Canine Anesthesia - Little Critters Veterinary Hospital - Gilbert, AZ

Little Critters Veterinary Hospital

1525 N Gilbert Road Suite #C-101
Gilbert, AZ 85234


Welcome to the Canine Anesthesia page at Little Critters Veterinary Hospital, located in Gilbert, AZ. This resource is dedicated to providing detailed information about anesthesia procedures for dogs, emphasizing safety and care. Anesthesia is a critical component of many veterinary procedures, and understanding its use and implications is vital for pet owners. Our page offers insights into the various types of anesthesia used, the preparatory steps, and the monitoring and recovery processes. We focus on the latest advancements in veterinary anesthesia, including the safest techniques and equipment used to ensure your dog's well-being during medical procedures. This includes a discussion on state-of-the-art monitoring equipment that tracks vital signs throughout the procedure, ensuring the highest safety standards are maintained. Our experienced veterinary team is committed to using the best practices in canine anesthesia, ensuring a smooth and safe experience for your beloved pet. Explore this page to gain a comprehensive understanding of how we prioritize your dog's health and comfort during procedures requiring anesthesia at Little Critters Veterinary Hospital.

Canine Anesthesia - Little Critters Veterinary Hospital - Gilbert, AZ



What you can do: You are your pet’s advocate and are directly responsible for making decisions to provide your pet with a safer anesthetic procedure. Some of these decisions include:

  • Choosing to have the procedure preformed with your regular veterinarian rather than the low cost clinic down the road. This is important for a few reasons, but most importantly is that your doctor knows your pet and therefore is better able to predict potential problems andpick the best anesthetic protocol for your pet. Additionally, while many low-cost clinics practice excellent medicine, unfortunately some are able to provide lower cost because they cut corners in other ways such as less expensive anesthetic gas, few injectable anesthetics, less pain control, reduced staffing and less (or no) monitoring of the pet under anesthesia.
  • Choosing to have pre-anesthetic blood work completed on your pet. Some hospitals will require that pre-anesthetic blood work be completed on all pets, some will only require it on geriatric (senior) pets, and some will leave the decision entirely up to you. Pre-anesthetic blood work provides the veterinarian with a picture of the health of your pet at the time of the procedure. The picture includes information on general organ status, potential infections, ability to clot blood, and anemia. Frequent problems identified include diabetes, liver disease, kidney disease and clues to infections or parasites. Young pets are generally assumed to be healthy and therefore owners often elect to forgo blood testing. Most of the time this is a relatively safe bet, but it is a gamble and occasionally even a young pet will have unidentified disease that will increase the anesthetic risk. If disease is identified the anesthesia may be postponed or the anesthetic protocol may be altered to increase the margin of safety for your pet. When asked to choose pre-anesthetic blood work for your pet, always ask yourself if you would want this checked on you prior to surgery.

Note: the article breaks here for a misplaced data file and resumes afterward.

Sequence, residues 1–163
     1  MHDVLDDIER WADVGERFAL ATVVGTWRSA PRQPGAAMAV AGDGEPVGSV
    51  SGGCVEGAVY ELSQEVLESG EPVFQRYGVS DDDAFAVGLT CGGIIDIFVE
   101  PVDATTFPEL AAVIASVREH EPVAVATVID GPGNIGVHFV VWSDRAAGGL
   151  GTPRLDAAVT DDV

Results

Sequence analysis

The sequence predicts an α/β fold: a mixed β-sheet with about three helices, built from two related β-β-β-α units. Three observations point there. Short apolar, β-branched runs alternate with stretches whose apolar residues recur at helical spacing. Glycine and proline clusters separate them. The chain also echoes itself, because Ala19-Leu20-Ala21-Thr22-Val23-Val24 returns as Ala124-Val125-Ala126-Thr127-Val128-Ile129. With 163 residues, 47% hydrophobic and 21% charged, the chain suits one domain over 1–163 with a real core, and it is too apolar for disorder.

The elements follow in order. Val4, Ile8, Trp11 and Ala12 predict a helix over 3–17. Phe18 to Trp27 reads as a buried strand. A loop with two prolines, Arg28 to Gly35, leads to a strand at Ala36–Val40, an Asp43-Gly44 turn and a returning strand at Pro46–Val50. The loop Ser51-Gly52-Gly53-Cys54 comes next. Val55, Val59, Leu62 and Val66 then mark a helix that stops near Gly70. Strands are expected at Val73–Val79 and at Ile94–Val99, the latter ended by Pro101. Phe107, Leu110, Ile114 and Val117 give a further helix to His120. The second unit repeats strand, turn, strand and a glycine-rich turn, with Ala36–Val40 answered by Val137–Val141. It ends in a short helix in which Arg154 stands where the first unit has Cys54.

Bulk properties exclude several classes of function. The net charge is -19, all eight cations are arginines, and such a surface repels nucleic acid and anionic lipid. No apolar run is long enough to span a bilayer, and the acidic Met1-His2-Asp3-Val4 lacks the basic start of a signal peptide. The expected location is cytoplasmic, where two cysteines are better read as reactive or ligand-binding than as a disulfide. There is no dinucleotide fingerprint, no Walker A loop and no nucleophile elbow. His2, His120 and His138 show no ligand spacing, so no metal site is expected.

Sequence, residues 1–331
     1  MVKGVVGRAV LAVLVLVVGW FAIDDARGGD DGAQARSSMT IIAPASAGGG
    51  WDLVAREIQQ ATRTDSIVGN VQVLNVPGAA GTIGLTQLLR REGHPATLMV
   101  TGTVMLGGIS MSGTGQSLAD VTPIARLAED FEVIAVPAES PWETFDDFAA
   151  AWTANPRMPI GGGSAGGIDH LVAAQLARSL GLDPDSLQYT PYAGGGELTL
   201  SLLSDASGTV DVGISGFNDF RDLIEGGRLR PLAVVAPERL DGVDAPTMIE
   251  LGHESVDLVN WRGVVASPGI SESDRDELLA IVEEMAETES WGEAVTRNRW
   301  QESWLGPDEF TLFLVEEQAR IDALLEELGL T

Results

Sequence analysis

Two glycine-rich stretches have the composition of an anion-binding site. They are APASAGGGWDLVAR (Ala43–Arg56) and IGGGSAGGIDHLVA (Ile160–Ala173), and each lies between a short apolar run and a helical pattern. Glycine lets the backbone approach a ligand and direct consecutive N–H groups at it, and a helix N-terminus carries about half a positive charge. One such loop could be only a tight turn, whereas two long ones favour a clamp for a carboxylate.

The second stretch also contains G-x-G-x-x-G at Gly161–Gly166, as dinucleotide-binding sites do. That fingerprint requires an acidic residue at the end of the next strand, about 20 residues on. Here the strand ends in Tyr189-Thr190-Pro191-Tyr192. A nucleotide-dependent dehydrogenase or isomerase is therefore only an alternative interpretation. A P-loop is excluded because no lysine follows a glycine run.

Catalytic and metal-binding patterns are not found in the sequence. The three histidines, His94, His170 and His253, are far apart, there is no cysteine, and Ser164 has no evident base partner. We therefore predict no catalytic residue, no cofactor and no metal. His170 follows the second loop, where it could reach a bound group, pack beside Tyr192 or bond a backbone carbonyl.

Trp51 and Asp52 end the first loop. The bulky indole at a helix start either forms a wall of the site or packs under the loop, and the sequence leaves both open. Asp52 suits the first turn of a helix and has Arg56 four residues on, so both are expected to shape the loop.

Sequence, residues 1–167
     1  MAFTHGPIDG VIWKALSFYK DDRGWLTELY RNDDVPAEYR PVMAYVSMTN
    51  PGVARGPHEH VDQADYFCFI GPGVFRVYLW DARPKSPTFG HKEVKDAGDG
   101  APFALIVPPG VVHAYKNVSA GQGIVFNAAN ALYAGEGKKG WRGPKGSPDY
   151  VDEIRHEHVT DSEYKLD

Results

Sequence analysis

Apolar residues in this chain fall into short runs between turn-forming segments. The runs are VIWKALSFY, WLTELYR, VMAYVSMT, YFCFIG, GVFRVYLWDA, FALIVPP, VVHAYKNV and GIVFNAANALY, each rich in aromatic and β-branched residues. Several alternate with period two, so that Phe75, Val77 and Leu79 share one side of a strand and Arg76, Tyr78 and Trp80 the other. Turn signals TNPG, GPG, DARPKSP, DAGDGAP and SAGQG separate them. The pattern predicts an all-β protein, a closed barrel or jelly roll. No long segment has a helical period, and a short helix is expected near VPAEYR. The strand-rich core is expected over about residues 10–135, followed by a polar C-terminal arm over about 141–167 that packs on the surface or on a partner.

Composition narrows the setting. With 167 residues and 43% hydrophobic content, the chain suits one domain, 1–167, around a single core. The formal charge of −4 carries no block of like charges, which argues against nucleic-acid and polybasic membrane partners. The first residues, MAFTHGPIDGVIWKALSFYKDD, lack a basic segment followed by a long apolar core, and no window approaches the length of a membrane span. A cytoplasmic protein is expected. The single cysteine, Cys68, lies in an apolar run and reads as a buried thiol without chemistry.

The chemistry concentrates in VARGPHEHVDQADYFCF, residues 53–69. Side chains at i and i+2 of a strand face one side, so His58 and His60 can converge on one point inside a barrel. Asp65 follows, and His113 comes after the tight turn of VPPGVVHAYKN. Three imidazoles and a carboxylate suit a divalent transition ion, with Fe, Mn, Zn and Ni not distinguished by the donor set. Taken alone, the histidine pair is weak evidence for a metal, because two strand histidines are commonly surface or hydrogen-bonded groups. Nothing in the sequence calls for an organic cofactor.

• Choosing to have an IV catheter placed and have your pet maintained on IV fluids Again, many hospitals require the pet be placed on IV fluids during the procedure, but you may be asked to make this decision for your pet at some hospitals. An IV catheter provides an immediate entry to a vein in the case of an anesthetic emergency and allows for the immediate administration of potentially life saving medications. Additionally, the catheter allows for the administration of IV fluids which support the pet’s blood pressure during general anesthesia and this helps to keep good blood flow to the kidneys which is important for all pets, but essential for those pets with early kidney disease.
  • Allowing for safer types of anesthetics recommended by your veterinarian

We are fortunate in veterinary medicine to have a large variety of anesthetics available to us which allows us to choose the safest anesthetic for your pet. As an example, some anesthetics are just inhaled and others are injectable. Often a combination of the two is used. Even the injectable drugs have large differences between them that can alter the safety of the procedure. Some anesthetics cause longer periods of anesthetic before the pet can awaken, some cause much more suppression on heart function and respiration, some have more of an affect on the liver or kidneys, and some shouldn’t be used in particular breeds of animals at all. At the time of this writing one of the safest and most adjustable anesthetic gasses is Sevoflurane. It is considered a human grade anesthetic gas and allows for very rapid changes in anesthetic depths.